30 hours a week of the above, or projects that the above evolve into. I don’t need to be a pedant: I know when I am and am not being productive.
Get up in the morning, work all day. –Philip Glass
It has been almost a month since I’ve had something to post about. So here is something to fill the awkward silence.
Most of my life has been filled by my new love, Anna. This may explain why my productivity has gone down, but not why it has stopped completely. A recent study may provide justification for the latter.
I’m running out of money, so I’ve been looking for a job. The state of my resume is mixed, so that I look unqualified to first-order employers (looking for specific trendy technologies, most of which I don’t have that much experience with) and qualified to the ones who realize that they’re looking for good programmers, not good encyclopedias. Unfortunately, the latter such employers tend to be sharp people, and put the pieces together to find that I’m more of a researcher than a developer. So… I’m having trouble.
I have been working on a computer game with my friend Max, codename Silver Seed. It is beautiful and innovative, so much so that I’m having trouble seeing where the gameplay is. It’s a gardening game, of sorts. I’m afraid I can’t say much about the game mechanics, because Max is afraid of people stealing our ideas. It will be a mind-blowing game once we know what it is. It is incredibly fun to work on, and it has been the sink of most of my creative energy recently.
Of course, this means that Dana has been rather off my mind. The more I think about it, the less I know what Dana is, and what the next step should be. I’m continuing to work on the IΞ system, which I hope will be hackage-worthy soon. But once I’m happy with that… what do I do? Is IΞ executable, or is it just a calculus for reasoning –an abstract semantics? If the latter, what is executed? And who executes it?
I guess my first goal still remains, but it’s form keeps changing: I want a command line utility where you can program functions, run them, and see the results. Because I no longer have a code calculus which can be typechecked (rather, you need to manually prove that your programs are well-typed (don’t be afraid, this is a great benefit!)), I think I will start by accepting only simply-typed programs at said command line.
I want to get crackin’ on this, damnit! If only I didn’t need to eat…
It has been a little while since I posted anything. So here’s a general update about my work and other aspects of my life.
I’ve been passively thinking about Dana, but not doing very much significant. I have abandoned the RTS language on the grounds that it is too hard for my little mind right now. Hopefully I will come back to it, but it can be safely moved further down in the queue without hurting my progress.
That brings me back to the dependent typed core. I’ve switched directions and decided that it really ought to be total. In experimenting with how to bring back partiality to a total language, it finally sunk in how partiality is a monad in its essence. It is in the very same way Maybe is, though my practical ideas about the essence of nontermination prevented me from seeing that.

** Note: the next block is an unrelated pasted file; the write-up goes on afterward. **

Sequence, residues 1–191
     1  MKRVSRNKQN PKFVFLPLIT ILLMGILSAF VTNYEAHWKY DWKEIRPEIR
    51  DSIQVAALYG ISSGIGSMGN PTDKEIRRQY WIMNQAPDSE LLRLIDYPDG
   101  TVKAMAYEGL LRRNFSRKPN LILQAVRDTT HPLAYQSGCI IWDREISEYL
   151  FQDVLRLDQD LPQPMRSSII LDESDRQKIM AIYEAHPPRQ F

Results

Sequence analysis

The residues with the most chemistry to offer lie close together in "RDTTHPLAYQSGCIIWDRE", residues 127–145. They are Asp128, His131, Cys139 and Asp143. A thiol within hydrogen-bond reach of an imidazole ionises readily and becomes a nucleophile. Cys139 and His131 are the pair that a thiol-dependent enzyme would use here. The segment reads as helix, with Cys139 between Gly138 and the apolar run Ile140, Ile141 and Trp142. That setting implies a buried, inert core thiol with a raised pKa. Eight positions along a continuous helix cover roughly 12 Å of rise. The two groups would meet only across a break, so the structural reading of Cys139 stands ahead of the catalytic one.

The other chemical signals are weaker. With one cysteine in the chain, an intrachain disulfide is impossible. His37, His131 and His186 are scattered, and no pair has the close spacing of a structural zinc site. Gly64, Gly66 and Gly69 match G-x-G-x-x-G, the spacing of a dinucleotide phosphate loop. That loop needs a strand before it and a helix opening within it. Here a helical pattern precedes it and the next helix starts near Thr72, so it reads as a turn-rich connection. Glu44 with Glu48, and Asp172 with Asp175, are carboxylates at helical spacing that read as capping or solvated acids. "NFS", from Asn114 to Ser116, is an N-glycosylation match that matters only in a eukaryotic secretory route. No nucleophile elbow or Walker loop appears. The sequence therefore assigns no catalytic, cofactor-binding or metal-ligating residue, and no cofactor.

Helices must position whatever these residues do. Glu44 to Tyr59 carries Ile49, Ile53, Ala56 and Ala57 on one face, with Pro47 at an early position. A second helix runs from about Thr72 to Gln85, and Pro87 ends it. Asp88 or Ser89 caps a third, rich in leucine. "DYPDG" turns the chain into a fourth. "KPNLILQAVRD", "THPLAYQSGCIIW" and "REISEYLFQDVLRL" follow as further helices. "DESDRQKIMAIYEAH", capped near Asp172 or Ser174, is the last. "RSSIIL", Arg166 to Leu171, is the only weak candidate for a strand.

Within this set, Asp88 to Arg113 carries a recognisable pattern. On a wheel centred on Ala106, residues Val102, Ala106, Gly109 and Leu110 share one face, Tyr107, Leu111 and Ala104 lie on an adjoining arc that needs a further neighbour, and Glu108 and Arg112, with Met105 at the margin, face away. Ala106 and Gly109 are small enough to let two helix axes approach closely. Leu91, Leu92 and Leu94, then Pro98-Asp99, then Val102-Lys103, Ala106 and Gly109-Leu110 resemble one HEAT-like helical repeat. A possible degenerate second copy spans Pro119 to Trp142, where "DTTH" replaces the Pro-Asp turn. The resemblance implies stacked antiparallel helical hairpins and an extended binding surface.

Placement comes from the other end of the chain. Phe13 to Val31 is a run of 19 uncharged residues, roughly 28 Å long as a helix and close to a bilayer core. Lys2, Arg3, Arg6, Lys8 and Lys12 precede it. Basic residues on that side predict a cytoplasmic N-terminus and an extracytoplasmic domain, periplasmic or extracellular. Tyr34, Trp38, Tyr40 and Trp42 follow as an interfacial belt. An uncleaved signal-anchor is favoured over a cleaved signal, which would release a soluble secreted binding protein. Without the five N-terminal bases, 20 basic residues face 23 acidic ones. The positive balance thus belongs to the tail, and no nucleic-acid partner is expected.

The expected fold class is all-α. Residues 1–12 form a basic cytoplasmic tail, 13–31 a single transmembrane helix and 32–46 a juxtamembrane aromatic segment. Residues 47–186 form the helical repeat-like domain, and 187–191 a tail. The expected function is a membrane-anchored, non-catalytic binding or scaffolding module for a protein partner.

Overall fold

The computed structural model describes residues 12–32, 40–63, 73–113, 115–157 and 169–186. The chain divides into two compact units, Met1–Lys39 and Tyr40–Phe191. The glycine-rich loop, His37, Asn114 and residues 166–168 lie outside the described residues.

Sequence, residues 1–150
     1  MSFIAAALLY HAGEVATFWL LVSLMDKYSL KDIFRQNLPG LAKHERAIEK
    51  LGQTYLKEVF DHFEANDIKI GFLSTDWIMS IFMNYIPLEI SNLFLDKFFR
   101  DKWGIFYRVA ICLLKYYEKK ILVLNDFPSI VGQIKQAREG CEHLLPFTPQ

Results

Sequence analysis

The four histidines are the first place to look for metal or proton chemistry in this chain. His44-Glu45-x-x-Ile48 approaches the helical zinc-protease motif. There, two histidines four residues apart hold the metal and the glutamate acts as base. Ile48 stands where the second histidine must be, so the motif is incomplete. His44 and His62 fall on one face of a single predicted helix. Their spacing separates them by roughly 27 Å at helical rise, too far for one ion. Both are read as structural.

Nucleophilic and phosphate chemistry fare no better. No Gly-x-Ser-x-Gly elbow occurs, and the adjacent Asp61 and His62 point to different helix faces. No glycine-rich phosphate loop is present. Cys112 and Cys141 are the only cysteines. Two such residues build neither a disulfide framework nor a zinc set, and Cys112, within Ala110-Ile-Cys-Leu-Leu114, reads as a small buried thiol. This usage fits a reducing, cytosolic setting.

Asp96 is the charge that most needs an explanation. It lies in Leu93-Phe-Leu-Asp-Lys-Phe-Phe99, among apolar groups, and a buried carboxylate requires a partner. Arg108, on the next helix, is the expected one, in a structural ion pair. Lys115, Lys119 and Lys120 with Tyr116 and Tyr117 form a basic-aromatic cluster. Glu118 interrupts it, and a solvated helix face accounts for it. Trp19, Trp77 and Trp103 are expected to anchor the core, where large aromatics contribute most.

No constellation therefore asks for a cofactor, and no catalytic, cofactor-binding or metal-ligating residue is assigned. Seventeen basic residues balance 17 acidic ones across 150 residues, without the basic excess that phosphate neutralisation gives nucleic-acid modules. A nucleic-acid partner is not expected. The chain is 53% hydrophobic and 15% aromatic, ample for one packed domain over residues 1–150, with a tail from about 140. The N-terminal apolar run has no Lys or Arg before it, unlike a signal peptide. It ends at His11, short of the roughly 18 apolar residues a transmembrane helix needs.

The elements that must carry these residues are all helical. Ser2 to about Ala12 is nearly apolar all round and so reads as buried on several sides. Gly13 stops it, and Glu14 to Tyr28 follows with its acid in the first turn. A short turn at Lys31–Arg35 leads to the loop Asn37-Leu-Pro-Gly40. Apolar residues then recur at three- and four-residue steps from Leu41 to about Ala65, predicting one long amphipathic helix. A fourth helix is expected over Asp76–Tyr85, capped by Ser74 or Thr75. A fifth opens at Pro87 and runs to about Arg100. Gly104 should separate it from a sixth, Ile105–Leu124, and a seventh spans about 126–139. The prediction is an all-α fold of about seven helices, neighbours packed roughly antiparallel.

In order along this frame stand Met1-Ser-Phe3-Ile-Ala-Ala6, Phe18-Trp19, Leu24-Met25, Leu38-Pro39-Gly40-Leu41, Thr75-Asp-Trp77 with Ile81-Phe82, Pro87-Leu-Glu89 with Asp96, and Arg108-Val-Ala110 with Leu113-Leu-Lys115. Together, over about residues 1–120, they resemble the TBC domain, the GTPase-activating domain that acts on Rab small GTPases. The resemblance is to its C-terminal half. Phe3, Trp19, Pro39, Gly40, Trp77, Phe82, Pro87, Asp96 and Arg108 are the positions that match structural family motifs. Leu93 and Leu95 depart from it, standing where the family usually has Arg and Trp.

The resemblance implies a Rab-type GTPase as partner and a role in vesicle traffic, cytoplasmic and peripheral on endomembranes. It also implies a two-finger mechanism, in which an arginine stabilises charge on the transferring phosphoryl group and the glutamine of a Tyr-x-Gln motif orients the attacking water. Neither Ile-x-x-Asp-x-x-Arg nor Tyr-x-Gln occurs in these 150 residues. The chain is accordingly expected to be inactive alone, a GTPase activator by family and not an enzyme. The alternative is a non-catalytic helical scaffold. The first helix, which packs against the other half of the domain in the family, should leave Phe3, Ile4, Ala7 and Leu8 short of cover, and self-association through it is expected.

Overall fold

I’ve been fooling around with the semantics of system IG, and have gotten nowhere interesting. Whatever beautiful connection between application and typing there is, I haven’t seen it yet.
Since typechecking arbitrary terms in system IG is undecidable, I’ve been trying to write an “interactive typechecker”: essentially a library for typechecking. Various inference algorithms can be built on top, but their correctness follows from the underlying library. I am stuck on the representation of conversion proofs between lambda terms.
All of these are rather minor problems that can be worked through with a little thought. I’ve been distracted, however, because of a woman named Anna, with whom I’ve been having at least two hour conversations almost every night. I had forgotten what it meant to have good conversations about nontechnical things (it’s really nice). We seem to like each other, despite my friend’s warnings about her being insane or something :-). I’m interested to see where it goes.
Oh and I’m starting school again in the summer, to finish by Bachelors in mathematics. The intention being to go do a PhD program with Paul Hudak, if that can be arranged, or something similar.
More meat soon.
I thought I would blog about this, because I’ve tried and failed in the past, and it just took a lot of tinkering to figure out. The problem is this: I have a git repository with a game in it, and a long time ago thought it would be a good idea to add the game’s music to the repository. But it turns out that was a bad decision, because it made the repository too large to easily transfer around/host on free sites/etc. So, how do I get those pesky music files out of there, and once I do, how do I convince the repository to actually shrink (this latter bit was the trickiest part).
So, first, I go into the git directory and prune out all the music:
% cd mygame % git filter-branch --index-filter \ 'find -name ''*.mp3'' -or -name ''*.ogg'' | xargs -d''\n'' rm -f'
And wait a while while it does its thing. Now we would like to run gc and get rid of all the old objects. Unfortunately, the old objects are still stored in “refs/original/”, so gc will mark them and not clean them up, and I don’t know how to delete them.
So here’s the hack. Clone the repository, which will not clone the original refs, and then gc that one.
% cd .. % git clone mygame mygame2 % cd mygame2 % git gc --aggressive --prune
And at this point, the mygame2 repository will have forgotten all about those music files, and is much smaller.
WARNING: This will rename all the objects in the repository, so pushing and pulling from repositories which haven’t been filtered won’t work. After this process is done, everyone has to clone anew.
A less hacky way to do this would be appreciated, if anyone knows it.